• Federal Trade Commission. AI E-Commerce Money-Making Scheme. On February 27, 2024, FTC announced that the owners of a money-making scheme that claimed to use artificial intelligence to boost earnings for consumers' e-commerce storefronts have agreed to a stipulated and suspended judgment in excess of $21 million and to surrender millions in assets to settle FTC's case against them, with the suspension lifted if any assets were not fully disclosed and surrendered. The FTC alleged that the defendants offered consumers high returns from profitable e-stores; however, the vast majority of the defendants' clients did not make the promised earnings or even recoup their sizable investment. Instead, most lost significant amounts of money, and major e-commerce sites routinely suspended, blocked, or terminated the stores that defendants operated for their clients for repeated policy violations.

Research and Analysis

  • Consumer Financial Protection Bureau. Credit Card Data. On February 16, 2024, CFPB reported on the first set of results from the newly updated "Terms of Credit Card Plans" survey. The survey data reveals that large banks are offering worse credit card terms and interest rates than small banks and credit unions, regardless of credit risk

Rulemaking Updates

  • Federal Trade Commission. Impersonation of Businesses, Governments, and Individuals. On February 15, 2024, FTC announced publication of final rule at 16 CFR Part 461, which prohibits the impersonation of governments, businesses, and their officials or agents in interstate commerce. The rule prohibits: the use of government seals or business logos when communicating with consumers by mail or online; spoofing government and business emails and web addresses; and falsely implying government or business affiliation. In a joint statement, FTC Chair Lina M. Khan and Commissioners Rebecca Kelly Slaughter and Alvaro M. Bedoya wrote, "This final rule marks the first time since 1980 that the Commission has finalized a brand-new trade regulation rule prohibiting an unfair or deceptive practice." FTC has proposed expanding the rule to prohibit the impersonation of all individuals, as discussed in DWT's recent blog post.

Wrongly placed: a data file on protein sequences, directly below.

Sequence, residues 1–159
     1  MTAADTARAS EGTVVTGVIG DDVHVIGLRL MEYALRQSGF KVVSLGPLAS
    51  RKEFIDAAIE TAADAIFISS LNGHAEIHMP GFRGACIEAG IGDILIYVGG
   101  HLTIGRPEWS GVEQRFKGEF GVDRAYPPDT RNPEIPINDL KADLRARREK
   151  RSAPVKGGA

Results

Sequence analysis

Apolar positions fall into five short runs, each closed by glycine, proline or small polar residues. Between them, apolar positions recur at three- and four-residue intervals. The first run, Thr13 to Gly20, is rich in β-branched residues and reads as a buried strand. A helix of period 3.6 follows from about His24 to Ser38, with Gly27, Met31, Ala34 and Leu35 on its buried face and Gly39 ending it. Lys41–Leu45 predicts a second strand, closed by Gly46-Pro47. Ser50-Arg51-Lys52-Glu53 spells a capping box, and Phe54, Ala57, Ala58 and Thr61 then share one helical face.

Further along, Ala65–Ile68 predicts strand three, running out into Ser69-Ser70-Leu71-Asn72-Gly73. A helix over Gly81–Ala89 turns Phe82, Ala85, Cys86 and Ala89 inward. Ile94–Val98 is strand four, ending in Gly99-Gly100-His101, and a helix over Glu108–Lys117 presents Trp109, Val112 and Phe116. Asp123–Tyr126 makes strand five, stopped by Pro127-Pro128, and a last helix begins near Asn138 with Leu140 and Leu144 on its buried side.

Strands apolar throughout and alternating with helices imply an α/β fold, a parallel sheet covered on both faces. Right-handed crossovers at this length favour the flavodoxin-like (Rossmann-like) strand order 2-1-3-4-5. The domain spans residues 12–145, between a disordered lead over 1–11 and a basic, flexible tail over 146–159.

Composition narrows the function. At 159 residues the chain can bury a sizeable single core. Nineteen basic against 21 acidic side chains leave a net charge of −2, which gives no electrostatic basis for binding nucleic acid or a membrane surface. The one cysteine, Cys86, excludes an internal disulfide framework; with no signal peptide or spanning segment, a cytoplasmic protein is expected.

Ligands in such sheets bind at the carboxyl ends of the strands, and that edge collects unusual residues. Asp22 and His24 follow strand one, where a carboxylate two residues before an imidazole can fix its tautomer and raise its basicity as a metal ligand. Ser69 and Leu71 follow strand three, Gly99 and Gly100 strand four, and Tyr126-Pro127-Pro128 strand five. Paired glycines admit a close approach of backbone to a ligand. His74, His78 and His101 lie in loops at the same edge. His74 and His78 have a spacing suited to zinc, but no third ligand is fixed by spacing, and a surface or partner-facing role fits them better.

Other News of Note

  • Consumer Financial Protection Bureau. Unlawful Fees in the Mortgage Market. On February 27, 2024, CFPB and FTC filed an amicus brief in the Eleventh Circuit in Glover and Booze v. Ocwen Loan Servicing, LLC, in support of plaintiffs-appellees. CFPB and FTC argued that the Fair Debt Collection Practices Act bars debt collectors from collecting pay-to-pay or "convenience" fees—fees imposed for making a payment online or by phone—unless the agreement creating the debt expressly authorizes such fees, or a law affirmatively authorizes them.
  • Department of Financial Protection & Innovation. Fraudulent Website. On February 7, 2024, DFPI issued a Consumer Alert warning consumers that the website grandvacap.com is marketing itself as a licensed Investment Adviser but is not associated with any actual licensed Investment Adviser. The imposter site may be trying to pose as Grandva Capital LLC, which is a California licensed Investment Adviser. The DFPI urges consumers to exercise extreme caution before responding to any solicitation offering investment or financial services and to check whether an investment or financial service provider is licensed in California by going to the DFPI website at www.dfpi.ca.gov.

Jonathan Cristol is a regulatory analyst with Davis Wright Tremaine LLP.